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Solid State Diffusion Mechanism?

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posted on Sep, 25 2006 @ 11:19 AM
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Slap Nuts and BSBray11, Howard, Griff, I know I've posted this before...But I wasn't able to get the header right in the original post, so I'm posing the question again. Can anyone help in explaining what a "Solid State Diffusion Mechanism" is?

The original FEMA report of the WTC disaster, Appendix C, the Limited Metallurgical Examination, states that two pieces of steel were studied because of severe and unusual erosion patterns.

www.house.gov...

Has anyone heard anything more about their statement that:

"The severe corrosion and subsequent erosion of Samples 1 and 2 are a very unusual event. No clear explanation for the source of the sulfur has been identified. The rate of corrosion is also unknown...A detailed study into the mechanisms of this phenomenon is needed..."




posted on Sep, 25 2006 @ 12:50 PM
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EDIT... NEVER MIND... PAge 8: Where are you getting the words "Solid State Diffusion Mechanism"? I am not seeing it in the sulfidation quote...

FEMA has never addressed the sulfidation... others have and implicate thermate...

Howard will tell you that sheetrock releases compounds of S when burned, however, this can hardly account for the direct sulfidation of these samples.

I PM'd Labtop for you to ask what EXACTLY a "solid state diffusion mechanism" is... he hasn't been around lately though.

[edit on 25-9-2006 by Slap Nuts]



posted on Sep, 25 2006 @ 02:02 PM
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I asked a physics Ph.D. for a simple example.. he chuckled and said... "a blender"...

He was busy... I will enquire more later.



posted on Sep, 25 2006 @ 02:03 PM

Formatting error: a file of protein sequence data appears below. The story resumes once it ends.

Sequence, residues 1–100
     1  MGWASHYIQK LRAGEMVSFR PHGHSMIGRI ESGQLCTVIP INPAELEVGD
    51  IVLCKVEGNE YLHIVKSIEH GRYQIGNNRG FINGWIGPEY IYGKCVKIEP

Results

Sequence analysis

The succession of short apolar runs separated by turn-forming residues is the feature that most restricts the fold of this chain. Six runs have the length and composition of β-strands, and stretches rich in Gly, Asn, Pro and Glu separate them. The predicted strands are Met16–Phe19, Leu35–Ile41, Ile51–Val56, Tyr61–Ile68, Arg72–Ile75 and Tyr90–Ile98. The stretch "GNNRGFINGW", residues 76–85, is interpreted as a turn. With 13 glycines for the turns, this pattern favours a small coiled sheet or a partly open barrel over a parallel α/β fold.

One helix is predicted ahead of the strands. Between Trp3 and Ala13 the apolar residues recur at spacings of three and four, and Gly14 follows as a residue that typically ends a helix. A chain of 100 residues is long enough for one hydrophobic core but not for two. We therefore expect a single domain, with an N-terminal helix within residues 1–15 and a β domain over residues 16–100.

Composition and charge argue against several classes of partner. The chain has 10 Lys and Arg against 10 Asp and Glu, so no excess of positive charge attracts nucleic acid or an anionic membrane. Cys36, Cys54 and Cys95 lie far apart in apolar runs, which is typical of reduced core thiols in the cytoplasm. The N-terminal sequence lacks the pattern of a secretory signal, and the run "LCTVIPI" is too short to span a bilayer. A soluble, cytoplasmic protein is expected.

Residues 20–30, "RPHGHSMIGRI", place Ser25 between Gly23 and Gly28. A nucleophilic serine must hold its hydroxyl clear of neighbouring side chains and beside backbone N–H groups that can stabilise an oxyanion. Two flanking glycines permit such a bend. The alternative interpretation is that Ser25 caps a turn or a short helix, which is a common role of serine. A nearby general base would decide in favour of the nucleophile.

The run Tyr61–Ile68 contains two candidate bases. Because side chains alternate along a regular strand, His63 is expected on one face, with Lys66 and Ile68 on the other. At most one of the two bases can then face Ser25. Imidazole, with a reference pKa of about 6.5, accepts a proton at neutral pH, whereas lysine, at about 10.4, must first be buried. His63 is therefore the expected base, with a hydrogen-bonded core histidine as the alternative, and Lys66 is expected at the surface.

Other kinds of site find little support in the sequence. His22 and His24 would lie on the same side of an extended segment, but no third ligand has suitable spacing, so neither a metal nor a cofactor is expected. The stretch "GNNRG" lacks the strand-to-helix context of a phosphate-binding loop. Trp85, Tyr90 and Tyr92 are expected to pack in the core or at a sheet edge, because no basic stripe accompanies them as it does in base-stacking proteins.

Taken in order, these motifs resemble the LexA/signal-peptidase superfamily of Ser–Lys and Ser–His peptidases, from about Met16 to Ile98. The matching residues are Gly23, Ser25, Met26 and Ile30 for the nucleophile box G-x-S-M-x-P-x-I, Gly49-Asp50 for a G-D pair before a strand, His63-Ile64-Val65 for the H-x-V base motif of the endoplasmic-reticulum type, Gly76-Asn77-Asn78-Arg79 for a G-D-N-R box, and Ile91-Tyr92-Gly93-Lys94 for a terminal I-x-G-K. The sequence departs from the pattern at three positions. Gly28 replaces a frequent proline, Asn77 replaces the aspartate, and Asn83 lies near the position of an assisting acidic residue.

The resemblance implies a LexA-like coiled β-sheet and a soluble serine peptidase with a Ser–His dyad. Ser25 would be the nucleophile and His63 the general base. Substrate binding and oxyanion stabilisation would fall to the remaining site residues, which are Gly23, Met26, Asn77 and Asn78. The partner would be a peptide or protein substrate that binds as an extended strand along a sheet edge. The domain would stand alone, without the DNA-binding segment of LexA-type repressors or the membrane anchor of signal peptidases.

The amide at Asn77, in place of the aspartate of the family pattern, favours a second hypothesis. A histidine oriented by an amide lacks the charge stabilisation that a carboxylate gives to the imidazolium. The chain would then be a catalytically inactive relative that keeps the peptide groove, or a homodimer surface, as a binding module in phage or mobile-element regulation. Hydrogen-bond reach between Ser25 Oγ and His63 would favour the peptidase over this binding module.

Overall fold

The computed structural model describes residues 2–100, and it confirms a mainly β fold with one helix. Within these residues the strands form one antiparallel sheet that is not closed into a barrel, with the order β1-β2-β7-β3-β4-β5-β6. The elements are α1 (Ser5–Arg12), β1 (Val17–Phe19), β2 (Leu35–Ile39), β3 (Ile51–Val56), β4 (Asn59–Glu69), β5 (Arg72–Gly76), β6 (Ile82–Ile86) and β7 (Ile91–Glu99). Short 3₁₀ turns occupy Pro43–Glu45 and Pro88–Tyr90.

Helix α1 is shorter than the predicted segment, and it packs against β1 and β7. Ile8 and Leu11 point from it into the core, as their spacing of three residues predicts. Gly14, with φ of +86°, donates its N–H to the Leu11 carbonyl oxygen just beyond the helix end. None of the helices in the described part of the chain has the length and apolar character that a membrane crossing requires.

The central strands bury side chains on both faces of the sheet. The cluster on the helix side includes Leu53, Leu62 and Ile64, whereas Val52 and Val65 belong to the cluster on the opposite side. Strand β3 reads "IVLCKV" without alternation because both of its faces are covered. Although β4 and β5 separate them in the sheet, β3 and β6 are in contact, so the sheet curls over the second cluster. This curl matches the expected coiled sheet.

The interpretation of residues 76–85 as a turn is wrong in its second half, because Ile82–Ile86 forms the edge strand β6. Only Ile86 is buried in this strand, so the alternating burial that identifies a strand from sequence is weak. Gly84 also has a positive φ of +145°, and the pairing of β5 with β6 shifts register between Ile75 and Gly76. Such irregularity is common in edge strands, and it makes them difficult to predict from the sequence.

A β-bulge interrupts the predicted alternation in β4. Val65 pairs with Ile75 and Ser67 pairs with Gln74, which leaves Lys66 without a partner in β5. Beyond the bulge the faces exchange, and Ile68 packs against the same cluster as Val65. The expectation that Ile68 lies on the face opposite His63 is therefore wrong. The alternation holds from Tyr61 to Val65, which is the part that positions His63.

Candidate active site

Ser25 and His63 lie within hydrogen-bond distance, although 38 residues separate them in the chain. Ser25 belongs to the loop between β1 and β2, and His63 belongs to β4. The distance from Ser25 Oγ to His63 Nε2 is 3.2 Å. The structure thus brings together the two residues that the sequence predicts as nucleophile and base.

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Originally posted by Slap Nuts
Howard will tell you that sheetrock releases compounds of S when burned, however, this can hardly account for the direct sulfidation of these samples.


Right, because "S + fire" does not = the physical evidence presented there. As Prof. Jones outlines in his paper, it takes an amount of heating above and beyond the temperatures a hydrocarbon fire can produce.

Diffusion, as defined here:


The spontaneous intermingling of the particles of two or more substances as a result of random thermal motion.


In this case, the steel and sulfur.

"Solid state" is a term that's native to only electronics, as far as I know. They used to apply voltage to vacuum tubes and produce current through them, and then when they switched over to conductors and semiconductors made of solid materials only, like your motherboard, they started calling those things "solid state".

Outside of that context, I have no idea. I've never heard it outside of that context, but I'm studying electronics, so maybe no surprise there.



posted on May, 3 2007 @ 08:31 PM
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Can anyone help in explaining what a "Solid State Diffusion Mechanism" is?

The original FEMA report of the WTC disaster, Appendix C, the Limited Metallurgical Examination, states that two pieces of steel were studied because of severe and unusual "erosion" patterns.

www.fema.gov...

Sections C.4 and C.6 are most important. They explain how "Future Research" is needed to explain the thinning of the steel by high temperature corrosion due to sulfidation and oxidation; and that "No clear explanation for the source of the sulfur has been identified."

If nothing else, truthers should demand the future research be done.

How many of us enter high-rise steel structures daily? If it was all due to fire and impacts, it could happen again soon...(< sarcasm)



posted on May, 3 2007 @ 08:52 PM
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Slap nuts = pootie

You should look into Dr. Jones' examinations of the steel samples he received. Your question will be answered. They did x-ray flouresence tests and electron scanning microscopy on the samples... very revealing.

I have also found he will answer emails usually within 48 hours if you have a simple, direct question. He has treated me like a student when I have emailed him.

Good guy.

If you can't find the article at stj911.org let me or him know.



posted on May, 4 2007 @ 10:00 AM
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diffusion (dĭ-fy'zhən) Pronunciation Key

The movement of atoms or molecules from an area of higher concentration to an area of lower concentration. Atoms and small molecules can move across a cell membrane by diffusion.


Source: dictionary.reference.com...

To me, this sounds like a sublimating problem. Solid state would infer (sp?) that the two materials stayed solid while the diffussion was happening as oppossed to say liquifying and then diffussing (like osmosis). I think solid state diffussion would be the sublimating of one material and condensation (in a solid state, never reaching liquid) on the other substance. I.E. the sulfur that condensed onto the steel. That's just my opinion. I'm not a metalurgist, so take it with a grain of salt.




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